I've made several cheesecloth ghosts (static prop only, though) that were real attention getters. They were made out of a blucky skeleton (just the torso) and draped with cheesecloth. The arms were extended with 2 wires (coat hangers actually) routed from the top of the head down and through the arms to keep it stiff. Any cloth soaked in RIT whitener should react somewhat under a blacklight. Not too sure how it might look for a colored cloth, but my brownish skull was still UV reactive after soaking in a RIT bath.
In theater crowds we mix 20/80 glue/water & use it to wrap semipermanent styrofoam pieces before painting. it helps keep the foam from tearing out & getting dingedup. It also profides a nice base texture. I've done toomstones, stone walls, brick walls, rocks, & trees this way.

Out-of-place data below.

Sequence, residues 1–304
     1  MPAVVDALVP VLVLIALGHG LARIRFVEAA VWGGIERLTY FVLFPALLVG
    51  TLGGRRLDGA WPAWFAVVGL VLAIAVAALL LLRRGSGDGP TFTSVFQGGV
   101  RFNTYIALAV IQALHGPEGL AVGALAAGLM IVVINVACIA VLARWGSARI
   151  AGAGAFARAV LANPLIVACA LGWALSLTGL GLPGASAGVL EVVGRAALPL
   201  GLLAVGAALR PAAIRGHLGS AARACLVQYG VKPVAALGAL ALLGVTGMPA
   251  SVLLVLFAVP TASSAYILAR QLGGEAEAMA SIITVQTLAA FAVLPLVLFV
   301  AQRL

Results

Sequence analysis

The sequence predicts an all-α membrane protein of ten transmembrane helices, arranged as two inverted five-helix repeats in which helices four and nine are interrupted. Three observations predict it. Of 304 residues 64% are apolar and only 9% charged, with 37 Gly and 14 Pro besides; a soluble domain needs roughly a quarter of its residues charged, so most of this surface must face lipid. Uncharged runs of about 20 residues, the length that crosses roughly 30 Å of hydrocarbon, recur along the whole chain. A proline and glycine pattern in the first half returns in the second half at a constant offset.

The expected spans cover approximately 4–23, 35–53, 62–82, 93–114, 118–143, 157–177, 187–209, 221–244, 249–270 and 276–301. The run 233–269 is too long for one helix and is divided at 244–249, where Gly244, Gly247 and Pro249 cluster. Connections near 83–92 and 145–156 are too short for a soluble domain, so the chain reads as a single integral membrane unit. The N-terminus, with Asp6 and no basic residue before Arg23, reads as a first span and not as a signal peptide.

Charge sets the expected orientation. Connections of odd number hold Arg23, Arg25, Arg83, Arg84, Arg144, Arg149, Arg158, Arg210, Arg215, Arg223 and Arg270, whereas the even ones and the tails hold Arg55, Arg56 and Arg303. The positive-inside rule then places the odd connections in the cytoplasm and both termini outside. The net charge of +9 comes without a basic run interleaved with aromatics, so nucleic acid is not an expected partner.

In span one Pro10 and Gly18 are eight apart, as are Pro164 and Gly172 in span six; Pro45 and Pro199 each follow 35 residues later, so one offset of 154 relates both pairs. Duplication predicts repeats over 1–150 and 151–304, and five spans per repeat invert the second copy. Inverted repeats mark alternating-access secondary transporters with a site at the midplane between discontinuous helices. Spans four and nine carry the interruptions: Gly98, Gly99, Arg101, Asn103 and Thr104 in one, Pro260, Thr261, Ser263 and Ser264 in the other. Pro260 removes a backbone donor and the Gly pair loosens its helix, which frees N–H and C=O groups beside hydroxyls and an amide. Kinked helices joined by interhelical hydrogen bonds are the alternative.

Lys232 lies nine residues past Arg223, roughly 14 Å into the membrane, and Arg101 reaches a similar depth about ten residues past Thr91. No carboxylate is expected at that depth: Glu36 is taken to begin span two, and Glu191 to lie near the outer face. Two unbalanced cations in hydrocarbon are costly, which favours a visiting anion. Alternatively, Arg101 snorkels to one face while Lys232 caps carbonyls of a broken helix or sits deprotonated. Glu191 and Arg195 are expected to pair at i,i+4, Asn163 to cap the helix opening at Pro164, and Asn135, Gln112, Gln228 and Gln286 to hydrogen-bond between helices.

The props have held up for multiple shows including nearly nightly setup & take down.
I've tried a number of methods and materials for optimum brightness under UV lighting. Cheese Cloth soaked in Fabric Whitener and tumble dryed seems to work best. For color, Nothing is brighter then plain white. Colored CC simply doesn't "pop" - it has a dullness to it.
RIT whitener works well, but my experiance is that a product by Dylon called "Double Duty Whitener and Stain remover" produces the best results.
Try a fabric store like Joann's, they usually have some on a bolt that can be cut to length.
Soaking cheesecloth (or sheets) in liquid laundry starch and then draping it over a form (I use 2 liters, milk jugs, whatever is handy to give it shape) to make ghosts. When it drys you can place them wherever or hang them.